If you’ve ever heard a nagging little voice somewhere in your head saying, “I shouldn’t be making this flight,” this accident just might be the thing that causes you to give that nagging little voice a bit more attention next time. This past March, the NTSB completed its investigation into the February 27, 2017, accident in which a twin-engine Cessna T310Q hit three houses about three minutes after taking off from the Riverside Municipal Airport (KRAL), Riverside, California. The pilot and three passengers were killed. One passenger survived, and what she told investigators played an important role in helping them determine what happened.
On the surface, this flight should have had everything going for it: an experienced pilot, an airplane that had undergone an annual less than four weeks before the accident, and instrument meteorological conditions (IMC) on the benign side. Clearly, something—or things—went wrong, resulting in the NTSB stating in its probable cause that the accident was due to the pilot failing to maintain airplane control upon entering IMC. This resulted in the airplane exceeding its critical angle of attack and an aerodynamic stall. Contributing to the accident was the pilot’s personal pressure to complete the flight.
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The pilot held an Airline Transport Pilot certificate for single-engine land airplanes and a commercial ticket for multi-engine land airplanes, along with an instrument rating that goes with an ATP certificate. He was also a flight instructor for airplane single-engine and multiengine land airplanes and a CFII. He had received an FAA second-class medical certificate about four months before the accident that just required corrective lenses. The pilot was 83 years old and at the time of the medical exam reported a total flight time of 9,600 hours, with 21 hours in the previous six months.
The pilot and his wife were on the trip to Riverside because their younger granddaughter was participating in a cheerleading competition. With them on the trip were their daughter, their older granddaughter and the daughter’s friend, who also had a daughter in the competition. They had flown from Norman Y. Mineta San Jose International Airport (KSJC) at San Jose, California, to KRAL on the Friday before the accident.
The pilot and his wife had owned the airplane for about 10 years. The T310Q was built in 1974 and had two turbocharged Continental TSIO-520J engines rated at 310 horsepower. At its annual inspection on February 1, 2017, the airplane had 4,830 flight hours, and the engines each had 1,265 hours since overhaul.
At about noon on the following Monday, the pilot and passengers returned to KRAL and put their baggage on board the airplane. They then boarded, and the pilot started the right engine. However, the pilot was unable to start the left engine. They deplaned and went to the terminal. A short while later, they reboarded but had to deplane again, apparently because the pilot had radioed the KRAL tower asking for a VFR clearance to KSJC, and the controller told him he needed to file IFR. It was IFR due to visibility and low ceilings. They went back to the terminal, and the pilot went into the pilot store at the flight school. There he saw an employee of the flight school, whom he had seen that past Saturday when he had the airplane refueled.
The employee told investigators that the pilot bought some approach plates and an en route chart on Saturday. He said that on the day of the accident, the pilot appeared to be rushed and bumped into a merchandise rack in the middle of the pilot store. The employee said the pilot asked if he knew how to file an IFR flight plan, which you might think would be an unusual question for an ATP-rated pilot to be asking. The employee said that he pointed to a sheet of paper on the wall that had a bunch of phone numbers on it and suggested that he call flight service at 1 (800) WX-BRIEF. The employee said the passengers came into the store, and the pilot told them not to follow him and to go back to the waiting area. The employee said he gave the pilot a Post-it Note, the pilot wrote down the phone number, walked out and, according to the NTSB, contacted flight service and filed an IFR flight plan.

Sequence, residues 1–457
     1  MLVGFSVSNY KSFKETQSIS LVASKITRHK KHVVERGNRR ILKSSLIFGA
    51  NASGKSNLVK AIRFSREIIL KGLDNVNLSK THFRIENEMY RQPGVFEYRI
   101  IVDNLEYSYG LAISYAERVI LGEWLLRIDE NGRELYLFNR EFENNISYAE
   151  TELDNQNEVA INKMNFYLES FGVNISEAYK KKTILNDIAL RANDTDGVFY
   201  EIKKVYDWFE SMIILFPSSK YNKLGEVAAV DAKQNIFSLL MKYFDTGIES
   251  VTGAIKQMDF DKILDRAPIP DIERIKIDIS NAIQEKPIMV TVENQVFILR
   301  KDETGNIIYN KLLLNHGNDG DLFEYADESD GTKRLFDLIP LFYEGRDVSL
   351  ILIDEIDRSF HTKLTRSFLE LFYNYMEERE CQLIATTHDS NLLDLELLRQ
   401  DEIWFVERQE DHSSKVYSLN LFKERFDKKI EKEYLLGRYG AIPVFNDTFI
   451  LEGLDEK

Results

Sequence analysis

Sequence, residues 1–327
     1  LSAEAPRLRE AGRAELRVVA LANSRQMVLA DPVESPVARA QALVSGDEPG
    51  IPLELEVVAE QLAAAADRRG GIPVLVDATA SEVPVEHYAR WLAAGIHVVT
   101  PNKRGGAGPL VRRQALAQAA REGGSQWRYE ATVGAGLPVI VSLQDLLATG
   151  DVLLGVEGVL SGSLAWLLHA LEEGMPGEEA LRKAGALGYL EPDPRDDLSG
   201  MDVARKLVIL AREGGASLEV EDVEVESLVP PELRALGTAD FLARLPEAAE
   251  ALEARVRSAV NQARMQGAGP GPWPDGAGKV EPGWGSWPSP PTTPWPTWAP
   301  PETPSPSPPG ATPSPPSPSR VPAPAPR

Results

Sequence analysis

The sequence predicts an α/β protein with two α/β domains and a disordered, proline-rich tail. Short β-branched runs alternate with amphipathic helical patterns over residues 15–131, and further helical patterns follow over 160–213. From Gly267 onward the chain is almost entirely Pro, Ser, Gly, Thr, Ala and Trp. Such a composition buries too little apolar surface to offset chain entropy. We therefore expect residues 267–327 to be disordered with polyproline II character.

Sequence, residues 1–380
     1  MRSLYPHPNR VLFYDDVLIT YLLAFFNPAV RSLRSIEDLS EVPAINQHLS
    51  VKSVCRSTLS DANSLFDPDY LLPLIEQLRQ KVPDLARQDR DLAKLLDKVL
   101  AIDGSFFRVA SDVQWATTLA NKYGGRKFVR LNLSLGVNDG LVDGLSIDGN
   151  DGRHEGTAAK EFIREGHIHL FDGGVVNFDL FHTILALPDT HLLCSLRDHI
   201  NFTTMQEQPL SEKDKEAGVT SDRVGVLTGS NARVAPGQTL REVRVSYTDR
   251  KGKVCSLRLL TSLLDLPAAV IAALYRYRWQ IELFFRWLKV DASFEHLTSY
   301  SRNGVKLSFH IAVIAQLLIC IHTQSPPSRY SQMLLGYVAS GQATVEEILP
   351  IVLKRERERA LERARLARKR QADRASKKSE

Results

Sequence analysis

The employee went to where the passengers were waiting. According to what he told investigators, they told him they were anxious to get home. “One said she had to work the next morning. So in my opinion, I believe there was a little pressure for the pilot. I’m presuming, but it looked like the man wanted to get everyone home that day,” the employee said in a statement.
The surviving passenger told the NTSB’s Investigator-In-Charge that the pilot’s wife was becoming anxious and was putting pressure on the pilot to get airborne. The survivor said that she offered to rent a car so they could drive home, but the pilot’s wife insisted that they would return to San Jose in the airplane.
The flight school employee said he went back to his office to get the phone number of a taxi company and took it to one of the passengers. He noticed that another passenger was on the phone, apparently trying to arrange transportation with a cab or car company. The employee said that he told someone else about what he had been observing, and both of them told someone working at airport operations. The airport operations official said he would alert the control tower, according to the flight school employee.
It was at about 4:02 p.m., roughly four hours after the group arrived at the airport, that the pilot radioed the ground controller in the Riverside contract tower requesting his IFR clearance to San Jose. The controller issued the clearance, which included an instruction to fly an obstacle departure procedure, necessary to avoid trees and rising terrain. The pilot’s response to the clearance: “Roger, we missed the first part of the clearance, please, uh, San Jose, ah, direct Paradise, I am unfamiliar with the obstacle procedure.” The controller asked, “Is there somebody else that’s flying with you?” The pilot responded, “No sir, now, go ahead, okay, go ahead.” The controller asked, “Okay, are you familiar with the obstacle procedure?” The pilot then contradicted himself and radioed, “Affirmative, sir.”